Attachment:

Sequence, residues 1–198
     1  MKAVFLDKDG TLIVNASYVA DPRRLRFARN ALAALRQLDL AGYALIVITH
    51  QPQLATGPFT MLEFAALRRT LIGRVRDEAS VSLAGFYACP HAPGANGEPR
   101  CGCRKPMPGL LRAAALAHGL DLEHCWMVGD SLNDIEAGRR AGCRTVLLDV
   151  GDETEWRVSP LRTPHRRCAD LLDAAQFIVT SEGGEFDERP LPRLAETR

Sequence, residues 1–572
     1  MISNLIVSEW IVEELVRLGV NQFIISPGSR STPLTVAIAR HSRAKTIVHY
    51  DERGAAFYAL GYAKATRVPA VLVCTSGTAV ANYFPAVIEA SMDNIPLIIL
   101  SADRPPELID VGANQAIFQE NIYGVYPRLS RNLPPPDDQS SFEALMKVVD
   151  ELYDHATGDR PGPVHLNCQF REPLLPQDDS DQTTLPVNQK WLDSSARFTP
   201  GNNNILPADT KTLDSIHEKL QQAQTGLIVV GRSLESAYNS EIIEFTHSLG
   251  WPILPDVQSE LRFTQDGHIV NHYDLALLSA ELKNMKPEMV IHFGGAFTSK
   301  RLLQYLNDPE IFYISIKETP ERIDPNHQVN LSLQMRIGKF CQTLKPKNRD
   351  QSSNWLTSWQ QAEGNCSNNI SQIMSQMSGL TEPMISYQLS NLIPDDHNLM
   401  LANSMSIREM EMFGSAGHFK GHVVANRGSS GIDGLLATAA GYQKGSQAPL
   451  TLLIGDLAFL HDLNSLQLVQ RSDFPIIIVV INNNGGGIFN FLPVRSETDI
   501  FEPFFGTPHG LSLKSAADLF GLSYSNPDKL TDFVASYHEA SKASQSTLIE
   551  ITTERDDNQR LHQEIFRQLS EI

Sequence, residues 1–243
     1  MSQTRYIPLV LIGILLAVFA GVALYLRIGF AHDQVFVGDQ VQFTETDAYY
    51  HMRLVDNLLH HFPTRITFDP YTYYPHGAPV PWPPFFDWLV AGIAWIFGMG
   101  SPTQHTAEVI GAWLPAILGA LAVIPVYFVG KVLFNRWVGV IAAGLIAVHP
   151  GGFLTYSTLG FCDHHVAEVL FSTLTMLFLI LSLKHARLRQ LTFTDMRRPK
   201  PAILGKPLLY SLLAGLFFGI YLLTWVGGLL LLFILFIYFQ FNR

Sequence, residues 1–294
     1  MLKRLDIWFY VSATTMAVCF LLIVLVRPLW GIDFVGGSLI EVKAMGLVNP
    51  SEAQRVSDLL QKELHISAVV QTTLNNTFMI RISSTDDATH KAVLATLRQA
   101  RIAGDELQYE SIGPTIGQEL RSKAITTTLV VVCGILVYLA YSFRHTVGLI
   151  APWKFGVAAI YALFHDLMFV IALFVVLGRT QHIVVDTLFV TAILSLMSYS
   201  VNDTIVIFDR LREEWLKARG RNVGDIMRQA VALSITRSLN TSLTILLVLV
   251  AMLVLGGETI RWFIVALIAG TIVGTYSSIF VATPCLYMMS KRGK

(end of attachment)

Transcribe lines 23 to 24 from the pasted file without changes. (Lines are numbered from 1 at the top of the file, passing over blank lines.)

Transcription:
   151  GGFLTYSTLG FCDHHVAEVL FSTLTMLFLI LSLKHARLRQ LTFTDMRRPK
   201  PAILGKPLLY SLLAGLFFGI YLLTWVGGLL LLFILFIYFQ FNR